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08 Feb 2013 13:28
Deputy chair of the National Council of Provinces Thandi Memela (left), Colonel Marie Louw (right)and Corlia Olivier (centre)in Corlia's home in Bredasdorp. Corlia was Anene Booysen's foster mother. (Gallo)
Captain Frederick van Wyk said the 23-year-old man, from the same area, was arrested at 9.30am on Friday.
"He will be charged and will also appear in the Bredasdorp Magistrate's Court on Monday."
Two other men, aged 21 and 22, were already in police custody, facing murder and rape charges.
National Prosecuting Authority (NPA) Western Cape spokesperson Eric Ntabazalila said the 21-year-old would appear in court on Monday. Once the man had appeared, the case would be postponed to Tuesday to coincide with the appearance of the 22-year-old, who Booysen identified shortly before she died in hospital.
He made his first court appearance earlier in the week.
Booysen (17) was left for dead at a construction site near her home, in the early hours of Saturday morning, after visiting a sports bar.
She had reportedly worked as a cleaner for Asla Construction.
Her aunt Wilma Brooks wept when describing Booysen's injuries to the Cape Argus.
"Her throat had been slit, all her fingers and both legs were broken, a broken glass bottle had been lodged in her, her stomach had been cut open ...
Police said Booysen died in hospital around 10pm on Saturday.
Her death provoked outrage from all sectors of society.
The Congress of South African Trade Unions (Cosatu) was planning to deliver a memorandum to the Bredasdorp police station after Booysen's memorial service on Sunday.
Provincial Cosatu secretary Tony Ehrenreich said they would picket outside the magistrate's court on Tuesday to support Booysen's family and "display our disgust at this cowardly act". The Young Communist League of South Africa described the crimes as "stomach churning".
"We call, as an immediate measure, for a police officer in every police station nationwide to receive extra training around rape and sexual violence," spokesperson Khaya Xaba said.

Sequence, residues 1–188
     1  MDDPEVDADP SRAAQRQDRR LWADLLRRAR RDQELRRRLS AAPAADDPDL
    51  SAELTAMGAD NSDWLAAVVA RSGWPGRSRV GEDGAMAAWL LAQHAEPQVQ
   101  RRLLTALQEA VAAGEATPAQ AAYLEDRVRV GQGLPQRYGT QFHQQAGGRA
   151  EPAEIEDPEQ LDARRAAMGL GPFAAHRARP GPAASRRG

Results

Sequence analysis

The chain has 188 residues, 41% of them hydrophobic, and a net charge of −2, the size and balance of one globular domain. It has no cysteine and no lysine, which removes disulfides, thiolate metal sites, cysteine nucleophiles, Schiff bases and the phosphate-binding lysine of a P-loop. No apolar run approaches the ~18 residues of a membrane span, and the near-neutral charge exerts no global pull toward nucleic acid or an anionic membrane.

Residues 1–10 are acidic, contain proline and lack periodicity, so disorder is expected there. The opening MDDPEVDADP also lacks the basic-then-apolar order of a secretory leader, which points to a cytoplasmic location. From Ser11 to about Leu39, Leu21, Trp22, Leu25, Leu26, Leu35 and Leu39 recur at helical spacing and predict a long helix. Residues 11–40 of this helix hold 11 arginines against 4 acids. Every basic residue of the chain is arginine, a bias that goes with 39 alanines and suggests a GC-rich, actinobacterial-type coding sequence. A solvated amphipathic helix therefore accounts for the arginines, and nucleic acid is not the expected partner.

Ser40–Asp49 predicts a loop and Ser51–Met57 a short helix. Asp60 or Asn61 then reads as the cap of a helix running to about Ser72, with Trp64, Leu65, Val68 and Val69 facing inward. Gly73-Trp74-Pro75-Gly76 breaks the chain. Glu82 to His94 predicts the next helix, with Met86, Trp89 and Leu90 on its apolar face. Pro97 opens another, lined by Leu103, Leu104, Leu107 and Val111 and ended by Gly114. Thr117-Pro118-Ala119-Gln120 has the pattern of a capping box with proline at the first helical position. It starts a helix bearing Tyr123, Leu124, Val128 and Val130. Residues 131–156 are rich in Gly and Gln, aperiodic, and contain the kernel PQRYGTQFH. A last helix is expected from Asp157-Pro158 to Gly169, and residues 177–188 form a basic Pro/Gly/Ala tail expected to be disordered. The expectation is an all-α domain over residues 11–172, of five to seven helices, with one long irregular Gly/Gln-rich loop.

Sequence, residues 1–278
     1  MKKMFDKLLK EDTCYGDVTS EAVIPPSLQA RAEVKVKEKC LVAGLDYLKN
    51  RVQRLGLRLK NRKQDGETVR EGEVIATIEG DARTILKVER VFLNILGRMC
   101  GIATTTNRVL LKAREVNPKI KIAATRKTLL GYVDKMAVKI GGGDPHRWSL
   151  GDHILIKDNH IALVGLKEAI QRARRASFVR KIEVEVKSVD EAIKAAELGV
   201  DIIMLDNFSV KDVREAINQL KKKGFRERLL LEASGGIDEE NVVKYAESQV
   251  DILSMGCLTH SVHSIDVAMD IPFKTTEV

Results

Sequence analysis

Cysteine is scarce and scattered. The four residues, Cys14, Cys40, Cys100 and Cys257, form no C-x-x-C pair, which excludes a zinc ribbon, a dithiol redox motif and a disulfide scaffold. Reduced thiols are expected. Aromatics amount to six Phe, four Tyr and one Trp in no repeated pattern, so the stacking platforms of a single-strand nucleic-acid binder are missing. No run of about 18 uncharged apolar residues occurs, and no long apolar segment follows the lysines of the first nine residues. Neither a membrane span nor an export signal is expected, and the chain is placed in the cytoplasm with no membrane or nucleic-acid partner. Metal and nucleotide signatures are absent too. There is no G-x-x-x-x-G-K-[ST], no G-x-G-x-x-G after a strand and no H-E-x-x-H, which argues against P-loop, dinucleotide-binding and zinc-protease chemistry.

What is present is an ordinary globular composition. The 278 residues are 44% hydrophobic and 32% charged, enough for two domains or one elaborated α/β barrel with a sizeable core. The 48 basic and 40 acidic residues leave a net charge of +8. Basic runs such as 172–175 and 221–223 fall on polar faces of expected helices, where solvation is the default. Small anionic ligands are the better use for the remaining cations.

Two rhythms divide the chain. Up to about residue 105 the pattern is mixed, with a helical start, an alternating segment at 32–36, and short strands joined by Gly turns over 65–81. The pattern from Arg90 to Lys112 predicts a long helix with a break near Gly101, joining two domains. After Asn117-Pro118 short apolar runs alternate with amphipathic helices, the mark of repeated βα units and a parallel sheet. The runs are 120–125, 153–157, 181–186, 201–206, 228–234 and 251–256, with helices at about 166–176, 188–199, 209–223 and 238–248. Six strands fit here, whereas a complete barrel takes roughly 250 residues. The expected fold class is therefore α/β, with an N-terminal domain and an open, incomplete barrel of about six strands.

"It is abhorrent that women reporting rape are often met with incredulous smirks by police. Police must be seen to be taking rape very seriously."
On Thursday, President Jacob Zuma described the crime as "shocking", "cruel" and "inhumane".
"Impose the harshest sentences on such crimes, as part of a concerted campaign to end this scourge in our society," he said.
"It has no place in our country. We must never allow ourselves to get used to these acts of base criminality to our women and children."
South African media reacted with anger over Booysen's death.?
On the front page of the Staron Friday, editor Makhudu Sefara called for citizens to stand up against rape.
"We abhor all forms of sexual assault on any person, young or old, and we have consistently shone a light on this scourge where we have found it ... "
Sefara said the only way to combat the crime was by providing prosecutors with evidence, so rapists could be removed from society.
The Citizen published an editorial calling for South Africans to take collective responsibility in the fight against sexual crimes.
"Somehow, somewhere there must be a tipping point where society is so convulsed by a collective anger over rape that we begin to turn the tide against this terrible scourge."
Given the ubiquity of rape in South Africa, the editorial argued, this tipping point should have come long ago. Rape would not cease if society ignored it, said the editorial. – Sapa
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